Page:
Clients don’t always understand the difference between a mini and a full. I’ve had clients tell me “My child won’t last an hour so a mini session is a better fit for us.” This could be the case but usually I ask questions to make sure this is the right fit for them. Are they the type of child to warm right up and be ready to take those pictures immediately? Or maybe they need some time to explore the area before they’ll loosen up?
It’s our job to educate our clients and find the best fit for them. A mini session is not a one size fits all.
I’ve found myself in the situation where a child really needed the time allotted in a full session to get used to the idea of pictures. I have handled this a few different ways.
Some parents are ok with more serious, quiet pictures. They’ll let me know to just capture what I can of their child in their present mood. If it’s a family mini session, I focus on the parents cuddling their child. Or, I might encourage the family to walk away and shoot from a distance. This means the child is more engaged with their family and not worried about what I am doing.
There are other times where I have to make the call that I just didn’t get enough pictures to deliver. If this is the case, I usually offer to schedule a short session to make up for the pictures I’m missing.
There have been times I was able to shoot all the kids but one. In this case, I might schedule a ten minute session to grab a few shots of the kids together and/or the child I was missing individually.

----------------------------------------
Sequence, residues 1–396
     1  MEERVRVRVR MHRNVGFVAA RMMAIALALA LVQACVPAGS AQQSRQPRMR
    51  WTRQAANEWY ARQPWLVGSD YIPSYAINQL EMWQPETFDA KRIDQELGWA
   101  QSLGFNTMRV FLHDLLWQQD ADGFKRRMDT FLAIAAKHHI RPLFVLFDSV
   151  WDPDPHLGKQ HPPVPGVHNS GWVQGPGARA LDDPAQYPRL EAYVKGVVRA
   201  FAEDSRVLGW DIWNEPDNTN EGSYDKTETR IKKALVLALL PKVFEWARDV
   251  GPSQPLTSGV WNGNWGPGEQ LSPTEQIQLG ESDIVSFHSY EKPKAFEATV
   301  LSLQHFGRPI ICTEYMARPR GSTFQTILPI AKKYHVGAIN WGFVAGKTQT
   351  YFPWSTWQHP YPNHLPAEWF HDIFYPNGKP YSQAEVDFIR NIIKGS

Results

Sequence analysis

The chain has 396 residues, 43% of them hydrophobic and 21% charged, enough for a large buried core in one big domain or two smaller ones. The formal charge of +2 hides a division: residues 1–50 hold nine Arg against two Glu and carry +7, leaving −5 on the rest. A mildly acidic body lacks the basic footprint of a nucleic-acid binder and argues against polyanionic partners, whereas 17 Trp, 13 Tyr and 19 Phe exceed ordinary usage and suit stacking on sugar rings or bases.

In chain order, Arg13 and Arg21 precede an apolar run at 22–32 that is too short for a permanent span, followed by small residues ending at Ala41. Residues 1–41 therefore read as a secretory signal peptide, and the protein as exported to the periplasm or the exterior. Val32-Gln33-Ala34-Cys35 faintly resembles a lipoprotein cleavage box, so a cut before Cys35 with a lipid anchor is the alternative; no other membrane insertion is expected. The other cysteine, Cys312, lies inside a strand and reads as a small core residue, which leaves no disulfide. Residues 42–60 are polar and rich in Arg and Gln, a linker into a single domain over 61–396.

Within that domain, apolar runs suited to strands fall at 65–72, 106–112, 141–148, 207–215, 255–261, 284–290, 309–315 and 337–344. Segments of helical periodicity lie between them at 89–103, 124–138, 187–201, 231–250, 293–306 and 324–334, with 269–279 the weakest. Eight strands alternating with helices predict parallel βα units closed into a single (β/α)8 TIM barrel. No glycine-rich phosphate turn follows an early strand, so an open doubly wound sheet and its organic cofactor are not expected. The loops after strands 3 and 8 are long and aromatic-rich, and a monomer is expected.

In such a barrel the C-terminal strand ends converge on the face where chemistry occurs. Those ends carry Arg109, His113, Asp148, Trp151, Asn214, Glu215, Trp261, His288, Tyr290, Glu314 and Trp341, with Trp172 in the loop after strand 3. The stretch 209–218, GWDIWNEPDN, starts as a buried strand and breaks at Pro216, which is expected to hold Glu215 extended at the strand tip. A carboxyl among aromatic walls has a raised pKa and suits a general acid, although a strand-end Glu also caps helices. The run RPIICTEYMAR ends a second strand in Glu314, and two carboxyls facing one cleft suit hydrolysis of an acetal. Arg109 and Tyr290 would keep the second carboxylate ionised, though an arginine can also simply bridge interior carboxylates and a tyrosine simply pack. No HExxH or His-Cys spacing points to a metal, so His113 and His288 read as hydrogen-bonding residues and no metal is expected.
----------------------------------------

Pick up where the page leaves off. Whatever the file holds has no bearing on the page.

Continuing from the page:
Again, your policy might be different but I don’t want to ever feel like my client is walking away with anything less than they expected. I will do everything I can to make sure they’re happy with their final product. My mini sessions are not cheap. When a family invests in one, I truly appreciate it and want them to come back again.
3. You overshoot and your client is excited about the “extra pictures.”
Yikes! I have been here for sure. The session is a dream! You’re having so much fun with the family that you lose track of the amount of pictures you’re taking. In fact, it might as well have been a full session because you filled your card and have time left!
You only promised the client ten digital files but how in the world will you choose from everything you’ve taken? Not to mention, when will you find the time to edit so many images you hadn’t planned for?
My pre-session email I send to my clients covers this situation. My email lets them know what their mini session includes. I tell them if we happen to have extra images, they’re welcome to purchase these individually or upgrade to a full-session package. I also remind them of these options as I’m shooting.
This is tough for me. I love to spoil my clients but I also try to keep it consistent and fair to all my clients. There has to be a perk to booking a full session or your clients never will.
4. Your client shows up with extended family, pets and outfit changes.
This really isn’t a regular issue for me but I’ve heard from others that it does happen. This is another reason it is so important to communicate with your clients beforehand.
I often see mini sessions treated no differently than full sessions, defeating a the purpose of the mini and devaluing a full session. Your pre-session email should cover exactly who will be photographed so it’s clear and you and your clients can plan appropriately.
If you shared this information and are still surprised at the session, stick to your policy. Politely remind them you’re on a strict time schedule but would be happy to schedule a full session at another time. If you happen to have room in your schedule to accommodate the family, offer the chance to upgrade before shooting.
I hope all of this information was helpful for you as you plan your own end-of-the-year mini sessions. I look forward to sharing even more ideas on marketing, planning and executing mini sessions in my breakout, Making Magic in Minutes, available at Click Photo School this December!
Words & photos by Amy Salessi